For someone whose work hadn't demonstrated knowing too much about directing actors, there's a consistency of tone that impresses. Probably the greatest challenge was how to direct someone playing a version of themselves. "Yeah, yeah," Jonze agrees. "It's like, 'John, you're not getting the character right. Malkovich would do this.' All the scenes with Malk where he was playing Malkovich, we talked about him as a character. So, John, this Malkovich thinks of himself as a lover and a ladies' man.' He'd just laugh and say, 'Okay.' He read the script so he knew what was up."

So the movie went according to plan? "I dunno," he says, pausing again. "Overall I wanted things to be played like Charlie's writing, you can enjoy on a lot of different levels, the comedy, these really interesting ideas, these characters and these relationships. Playing those as our priority in terms of the acting, the art direction, the music, the wardrobe, and just play these characters, these people. All the other things, the ideas would be that much more interesting and the humor would be that much more fun."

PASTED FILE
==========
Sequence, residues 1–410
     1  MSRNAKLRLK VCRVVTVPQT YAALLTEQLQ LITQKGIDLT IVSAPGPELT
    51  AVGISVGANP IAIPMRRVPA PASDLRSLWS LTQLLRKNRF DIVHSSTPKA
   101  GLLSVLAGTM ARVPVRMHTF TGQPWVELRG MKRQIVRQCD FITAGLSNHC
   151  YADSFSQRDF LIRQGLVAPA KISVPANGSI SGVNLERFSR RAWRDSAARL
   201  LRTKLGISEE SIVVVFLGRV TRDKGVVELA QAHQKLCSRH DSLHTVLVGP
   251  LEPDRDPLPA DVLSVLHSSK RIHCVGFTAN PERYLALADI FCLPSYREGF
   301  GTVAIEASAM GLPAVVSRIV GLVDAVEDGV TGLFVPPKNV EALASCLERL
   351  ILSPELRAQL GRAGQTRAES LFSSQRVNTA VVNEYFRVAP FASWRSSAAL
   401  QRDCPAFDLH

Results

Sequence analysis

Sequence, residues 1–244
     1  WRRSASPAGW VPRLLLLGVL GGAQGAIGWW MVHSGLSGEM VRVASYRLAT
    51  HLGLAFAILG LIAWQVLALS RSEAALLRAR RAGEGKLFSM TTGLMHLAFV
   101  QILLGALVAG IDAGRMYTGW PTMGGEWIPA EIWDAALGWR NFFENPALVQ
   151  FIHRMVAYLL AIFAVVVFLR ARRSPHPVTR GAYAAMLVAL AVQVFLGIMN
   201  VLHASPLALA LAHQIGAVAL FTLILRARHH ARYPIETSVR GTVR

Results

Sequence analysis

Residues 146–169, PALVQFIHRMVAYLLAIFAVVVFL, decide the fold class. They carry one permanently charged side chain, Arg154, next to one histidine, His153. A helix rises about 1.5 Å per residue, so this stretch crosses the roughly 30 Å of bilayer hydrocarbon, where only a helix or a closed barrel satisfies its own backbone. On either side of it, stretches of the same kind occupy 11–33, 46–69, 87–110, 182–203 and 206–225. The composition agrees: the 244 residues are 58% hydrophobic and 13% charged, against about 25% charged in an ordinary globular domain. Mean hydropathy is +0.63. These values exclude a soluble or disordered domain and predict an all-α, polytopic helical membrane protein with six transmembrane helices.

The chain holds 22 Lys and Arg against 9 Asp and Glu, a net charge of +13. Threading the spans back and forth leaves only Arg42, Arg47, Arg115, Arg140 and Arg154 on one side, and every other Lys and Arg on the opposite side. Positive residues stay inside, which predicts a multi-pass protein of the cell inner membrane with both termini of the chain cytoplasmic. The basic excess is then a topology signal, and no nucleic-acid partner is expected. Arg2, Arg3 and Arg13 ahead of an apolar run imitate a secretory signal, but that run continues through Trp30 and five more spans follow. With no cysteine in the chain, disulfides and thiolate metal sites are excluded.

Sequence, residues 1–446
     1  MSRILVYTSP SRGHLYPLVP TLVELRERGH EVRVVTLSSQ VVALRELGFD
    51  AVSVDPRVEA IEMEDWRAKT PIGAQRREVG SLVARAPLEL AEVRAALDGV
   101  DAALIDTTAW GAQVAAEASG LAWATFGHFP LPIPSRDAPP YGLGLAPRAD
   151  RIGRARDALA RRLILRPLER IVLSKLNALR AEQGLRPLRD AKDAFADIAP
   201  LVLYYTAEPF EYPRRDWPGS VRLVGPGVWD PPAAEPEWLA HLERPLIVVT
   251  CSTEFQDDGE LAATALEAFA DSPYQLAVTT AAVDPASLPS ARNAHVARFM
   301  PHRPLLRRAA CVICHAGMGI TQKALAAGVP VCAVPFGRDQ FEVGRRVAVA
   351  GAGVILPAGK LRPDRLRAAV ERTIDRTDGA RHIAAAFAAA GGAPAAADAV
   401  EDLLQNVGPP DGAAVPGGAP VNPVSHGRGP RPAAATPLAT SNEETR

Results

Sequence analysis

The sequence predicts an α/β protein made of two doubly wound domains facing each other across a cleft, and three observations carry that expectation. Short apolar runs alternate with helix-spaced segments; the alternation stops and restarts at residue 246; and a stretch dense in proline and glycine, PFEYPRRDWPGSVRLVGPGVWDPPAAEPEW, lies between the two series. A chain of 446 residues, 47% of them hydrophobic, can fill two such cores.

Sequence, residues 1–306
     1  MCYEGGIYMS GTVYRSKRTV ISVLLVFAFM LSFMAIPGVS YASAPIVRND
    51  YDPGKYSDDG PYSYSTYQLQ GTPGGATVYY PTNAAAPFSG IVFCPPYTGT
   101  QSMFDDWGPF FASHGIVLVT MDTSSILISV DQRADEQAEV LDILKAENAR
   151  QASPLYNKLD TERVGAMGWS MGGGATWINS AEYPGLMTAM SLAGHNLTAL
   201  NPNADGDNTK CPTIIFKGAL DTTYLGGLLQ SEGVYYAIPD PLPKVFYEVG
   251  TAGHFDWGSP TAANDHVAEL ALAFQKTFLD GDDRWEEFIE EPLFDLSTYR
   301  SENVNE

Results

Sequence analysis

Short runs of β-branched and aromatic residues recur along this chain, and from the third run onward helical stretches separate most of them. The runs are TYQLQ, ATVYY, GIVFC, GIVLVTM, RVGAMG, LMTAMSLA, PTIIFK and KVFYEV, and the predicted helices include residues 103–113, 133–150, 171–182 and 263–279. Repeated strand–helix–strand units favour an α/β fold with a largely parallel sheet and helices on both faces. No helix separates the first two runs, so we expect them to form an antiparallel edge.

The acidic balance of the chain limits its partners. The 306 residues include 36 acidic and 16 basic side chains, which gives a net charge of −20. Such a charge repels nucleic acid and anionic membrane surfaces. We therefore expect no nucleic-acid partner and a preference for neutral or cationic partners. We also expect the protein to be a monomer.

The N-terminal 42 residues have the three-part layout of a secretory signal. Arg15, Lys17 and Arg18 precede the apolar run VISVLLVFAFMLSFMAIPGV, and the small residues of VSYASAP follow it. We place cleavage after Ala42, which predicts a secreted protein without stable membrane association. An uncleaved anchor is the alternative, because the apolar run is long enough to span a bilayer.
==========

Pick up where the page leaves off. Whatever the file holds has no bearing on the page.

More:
Did he miss all the toys from his other work? "Um. No. I think there are certain scenes that required more complicated camera stuff. For the most part, we only had a certain amount of time to shoot the movie, and we had to make sure everything you were going to spend your time and money you really wanted and needed."

Jonze thinks for a long time when he's asked if his first feature held any surprises. "I dunno. It turned out basically... um. Everything changes in preproduction, casting, the script, all these little things keep developing, yet it turned out overall the way I wanted. It's the small stuff that changes."

[Newcity, Chicago, 1 November 1999]